The Crown, meanwhile, would be in the same position it was before, Vaze said, and face no real consequences for the breach, which he described as “absolutely unacceptable.”

Making matters worse, he said, was that the Crown attorney who knew about the evidence was a senior, experienced one, and should have recognized the relevance of the statements right away. The conduct, he said, was sloppy at best and negligent at worst, and with a matter as serious as first-degree murder, the Crown can’t afford to be anything less than 100 per cent diligent.

The court, Vaze said, needed to hold the Crown accountable and make clear that this kind of conduct would not be tolerated.

In reply, Crown attorney Tom Lemon, speaking via video call from Toronto, described the breach as “minor” and that it should result in no more than a one or two-month reduction in sentence.

There was no evidence that the Crown in the case had acted maliciously in not disclosing the statements, he said, nor that the Crown was “willfully” withholding them. Instead, Lemon argued, it was a mistake, and one that the Crown immediately worked to rectify once it was brought to his attention.

Lemon also said that the right to a fair trial did not mean the right to a perfect trial, and that Vaze was holding the Crown to a perfect, impossible standard — it was reasonable, he argued, that the Crown didn’t look at the evidence right away as he was preparing for and heading into the preliminary hearing.

He did acknowledge that the discovery of the breach bumped Mario’s original sentencing date from March to July, causing him uncertainty, and therefore he was owed a small reduction in his sentence.

Mario was allowed to speak as the hearing drew to a close.

Turning to face the gallery of the courtroom and holding a few sheets of yellow lined paper in shaking hands, he apologized, in a wavering voice, for the pain he had caused.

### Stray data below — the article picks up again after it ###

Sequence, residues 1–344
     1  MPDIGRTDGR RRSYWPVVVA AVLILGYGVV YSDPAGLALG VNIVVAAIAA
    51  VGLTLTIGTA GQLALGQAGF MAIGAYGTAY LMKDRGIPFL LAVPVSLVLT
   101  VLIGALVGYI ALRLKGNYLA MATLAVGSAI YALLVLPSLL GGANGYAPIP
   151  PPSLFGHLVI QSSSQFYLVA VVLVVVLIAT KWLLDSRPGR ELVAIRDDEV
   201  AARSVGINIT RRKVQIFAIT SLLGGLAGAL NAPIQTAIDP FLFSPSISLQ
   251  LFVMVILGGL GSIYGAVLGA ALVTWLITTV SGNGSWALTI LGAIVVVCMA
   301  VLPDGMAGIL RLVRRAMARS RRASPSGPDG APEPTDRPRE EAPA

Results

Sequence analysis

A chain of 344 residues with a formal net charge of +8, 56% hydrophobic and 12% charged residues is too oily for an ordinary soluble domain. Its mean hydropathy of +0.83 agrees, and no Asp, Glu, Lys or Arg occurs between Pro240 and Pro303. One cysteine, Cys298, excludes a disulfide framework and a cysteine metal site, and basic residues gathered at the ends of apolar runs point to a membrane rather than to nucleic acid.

“It’s heartbreaking to hear about the void and separation between my relatives who were once so close,” he said, adding that he hoped the community would one day be able to heal and feel the same comfort and safety it once had.

He also acknowledged the role that alcohol use had played in the crime, and the impact that substance use overall has had on his community, and pledged to seek treatment and counselling.

“I wish I had chose sobriety … I wish I could take back my decision of going out to drink that night,” he said. “I recognize if I stayed home that night I wouldn’t be here today.”

“I’m not a man without a conscience,” he said at another point, referring to victim impact statements that had been read to the court the day before, in which Charlie’s family members described their fear and resentment towards him and Tyler and what they saw as a lack of remorse. “My heart beats like you. I bleed like you. I’m not a monster.”

Mario said he hoped to make amends and give back to his community one day, but would respect Charlie’s family and give them the time they need first.

Mario’s mother, who was sitting at the back of the courtroom gallery, began sobbing loudly as he read his statement.

She was allowed to hug Mario across the barrier separating him and the lawyers from the gallery before he was led away, and urged him to call her soon.

Justice Edith Campbell reserved her decision. She and the lawyers will meet again early next month to pick a date for her to give her decision.

Contact Jackie Hong at